This chapter discusses general issues relating to resource and transaction management. We will start with a basic overview of the subject, followed by a discussion of how Spring's transaction management features fit into the bigger picture.
You will see examples of how to configure and use the transactional features that Spring provides in a variety of environments. We will cover local transactions with a single database and distributed "global" transactions in a J2EE system.
We will see how Spring provides powerful declarative and transaction management services, and offers a consistent programming model in all environments.
Transaction processing in J2EE applications is a large topic that merits an entire book for thorough coverage. For a more in-depth discussion we recommend Java Transaction Processing: Design and Implementation by Mark Little, Jon Maron, and Greg Pavlik (Prentice Hall PTR, 2004).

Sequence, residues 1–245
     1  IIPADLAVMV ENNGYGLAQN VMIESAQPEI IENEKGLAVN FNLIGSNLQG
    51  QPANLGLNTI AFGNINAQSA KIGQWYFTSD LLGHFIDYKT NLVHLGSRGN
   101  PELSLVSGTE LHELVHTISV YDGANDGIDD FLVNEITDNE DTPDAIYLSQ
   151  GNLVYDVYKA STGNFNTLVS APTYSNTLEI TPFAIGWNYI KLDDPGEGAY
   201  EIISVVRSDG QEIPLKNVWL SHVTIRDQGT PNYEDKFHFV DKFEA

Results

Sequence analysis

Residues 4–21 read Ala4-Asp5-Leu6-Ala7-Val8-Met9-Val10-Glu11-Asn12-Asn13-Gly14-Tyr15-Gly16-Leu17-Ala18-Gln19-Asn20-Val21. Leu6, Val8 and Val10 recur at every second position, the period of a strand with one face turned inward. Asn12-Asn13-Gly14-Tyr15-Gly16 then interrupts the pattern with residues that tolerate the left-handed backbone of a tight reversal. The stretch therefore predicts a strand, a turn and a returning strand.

The following discussion will give you enough background to be able to understand Spring's transaction support.
For the discussion here, we will define a transaction as a unit of work that is made up of a set of operations, against one or more resources, that must be completed in its entirety. One example of a transaction is when you go to the bank and transfer money from your savings account to your checking account. First your savings account is debited and then your checking account is credited. If the credit ...